I was 38 years old at the time and a suddenly single mother with 3 young children. My youngest daughter Joy was 2 years old and in diapers. My family looked to me for help.

As a nurse, I thought I knew the challenges of caring for someone with Alzheimer’s as well as someone with cancer and I was glad to use that knowledge to care for my mother. But, especially at first, it wasn’t easy.

Mom would ask the same questions over and over, have episodes of hostility and paranoia and periodic insomnia. She also became adept at thwarting the safety measures we used to protect her.

Then, one day near the end of my mother’s life, I sat on a sofa holding hands with both Joy, now over 3 years old, and my mom watching Sesame Street on TV. I was struck by the fact that both of them had the exact same expression of happiness on their faces. It was then that I realized how far we all had come and how much I had learned.


1. Getting things done

I soon realized that both my 2 year old daughter and my mother responded best to one direction at a time and the patience to wait until one action was completed before directing another action.

For example, instead of just saying “brush your teeth” and trying to hurry the action along, directing both of them on just one step at a time time ultimately saved both time and frustration on everyone’s part.

I also found that set routines were comforting to both my mother and daughter despite their obvious differences.

2. Answering questions

Like most people caring for a relative with dementia, I found that answering the same question from my mother over and over again was exhausting. Answering different but incessant questions from my daughter was also difficult at times. So I learned the technique of distraction. For example with my mother, I would interest her in another activity such as folding laundry with me. With my daughter, I would often ask her to “read” a book to me. Judiciously used, this kind of pivot would relieve the increasing tension and make both of them happy.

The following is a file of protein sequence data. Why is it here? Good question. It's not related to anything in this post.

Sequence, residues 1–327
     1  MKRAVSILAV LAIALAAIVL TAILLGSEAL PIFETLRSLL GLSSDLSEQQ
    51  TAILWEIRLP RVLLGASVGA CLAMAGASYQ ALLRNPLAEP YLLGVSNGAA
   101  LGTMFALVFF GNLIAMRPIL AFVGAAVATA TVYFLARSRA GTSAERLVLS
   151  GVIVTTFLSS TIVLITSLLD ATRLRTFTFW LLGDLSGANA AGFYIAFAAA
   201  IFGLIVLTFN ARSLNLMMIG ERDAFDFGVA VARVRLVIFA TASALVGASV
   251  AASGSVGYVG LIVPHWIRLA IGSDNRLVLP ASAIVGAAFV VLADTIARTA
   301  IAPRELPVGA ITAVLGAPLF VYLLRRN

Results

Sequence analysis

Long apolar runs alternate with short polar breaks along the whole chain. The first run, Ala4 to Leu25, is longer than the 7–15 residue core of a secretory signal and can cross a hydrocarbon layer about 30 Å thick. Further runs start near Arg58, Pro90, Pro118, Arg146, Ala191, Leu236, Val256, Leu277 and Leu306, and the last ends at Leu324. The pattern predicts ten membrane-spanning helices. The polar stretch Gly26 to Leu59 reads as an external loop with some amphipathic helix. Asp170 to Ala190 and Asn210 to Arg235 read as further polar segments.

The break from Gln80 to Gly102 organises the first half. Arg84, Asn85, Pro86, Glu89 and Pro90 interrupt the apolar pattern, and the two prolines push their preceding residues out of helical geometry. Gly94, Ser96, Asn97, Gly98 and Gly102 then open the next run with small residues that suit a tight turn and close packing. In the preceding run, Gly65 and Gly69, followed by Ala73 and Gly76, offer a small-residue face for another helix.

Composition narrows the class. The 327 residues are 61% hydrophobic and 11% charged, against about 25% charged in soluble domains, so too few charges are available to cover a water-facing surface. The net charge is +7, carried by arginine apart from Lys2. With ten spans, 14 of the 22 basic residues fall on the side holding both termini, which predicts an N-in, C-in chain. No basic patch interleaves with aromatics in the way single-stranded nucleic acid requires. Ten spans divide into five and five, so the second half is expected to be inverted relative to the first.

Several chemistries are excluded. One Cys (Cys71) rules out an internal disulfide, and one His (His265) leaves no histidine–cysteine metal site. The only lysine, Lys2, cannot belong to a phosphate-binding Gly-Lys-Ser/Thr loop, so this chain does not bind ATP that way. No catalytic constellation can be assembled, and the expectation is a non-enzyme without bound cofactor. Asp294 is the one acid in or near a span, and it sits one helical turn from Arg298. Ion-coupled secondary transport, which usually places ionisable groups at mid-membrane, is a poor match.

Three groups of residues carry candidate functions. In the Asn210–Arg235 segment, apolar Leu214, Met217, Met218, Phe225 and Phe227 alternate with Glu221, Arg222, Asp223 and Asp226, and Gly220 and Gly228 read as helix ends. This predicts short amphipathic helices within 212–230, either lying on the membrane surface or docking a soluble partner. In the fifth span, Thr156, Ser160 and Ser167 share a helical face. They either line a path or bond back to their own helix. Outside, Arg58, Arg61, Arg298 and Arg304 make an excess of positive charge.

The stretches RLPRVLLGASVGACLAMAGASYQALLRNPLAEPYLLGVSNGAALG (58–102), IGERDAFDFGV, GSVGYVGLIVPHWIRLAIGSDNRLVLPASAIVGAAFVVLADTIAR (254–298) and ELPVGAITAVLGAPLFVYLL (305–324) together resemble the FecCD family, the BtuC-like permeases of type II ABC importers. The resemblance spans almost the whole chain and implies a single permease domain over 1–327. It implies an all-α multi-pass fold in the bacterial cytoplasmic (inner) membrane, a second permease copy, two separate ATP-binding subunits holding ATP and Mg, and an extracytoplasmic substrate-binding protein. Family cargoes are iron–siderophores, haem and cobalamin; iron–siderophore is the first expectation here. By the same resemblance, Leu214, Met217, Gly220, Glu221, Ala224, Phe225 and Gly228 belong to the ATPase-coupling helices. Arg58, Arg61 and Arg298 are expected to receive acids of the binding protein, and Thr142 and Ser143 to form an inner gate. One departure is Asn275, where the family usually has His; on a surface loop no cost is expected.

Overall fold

3. Attitude

I made sure to smile often and establish eye contact with both my mother and my daughter. I would work my name into the conversation when I could see my mom trying to remember who I was and I made sure to often say “I love you” and praise the efforts of both my mother and my daughter. I made sure each had my full attention at that time even when I was in a hurry myself.

4. De-escalation

I found that both people with Alzheimer’s and 2 year olds are prone to sudden meltdowns that are difficult to handle. I discovered that watching for increasing agitation, frustration or the need for a nap and taking preemptive measures could often calm the situation before tempers flared out of control.

5. Music

I always found it fascinating that people with late-stage Alzheimer’s, even those who were rarely verbal, would often start singing when they heard a song they knew. The same is true with young children who naturally delight in songs. Our sing-a-longs were great fun for both my mother and my daughter. “You Are My Sunshine” was a special favorite. My daughter Joy is now an adult and a music teacher.

Best of all, my children still have fond memories of their grandmother after almost 30 years.


This year, some married friends of ours buried the wife’s beloved mother who had Alzheimer’s. They and the rest of the family had worked together to take wonderful care of the mother at home as long as possible and in the nursing home where she finally died.

As the mother’s Alzheimer’s progressed to a later stage, she started to have vivid hallucinations.

One day, the couple made plans to take the mother to her favorite restaurant but she refused to go without the “two little girls over there.” The wife started to tell her mother that she was having hallucinations but her husband gently stopped her. Instead, he told the mother that the little girls weren’t hungry. The mother smiled and immediately got up to go to the restaurant.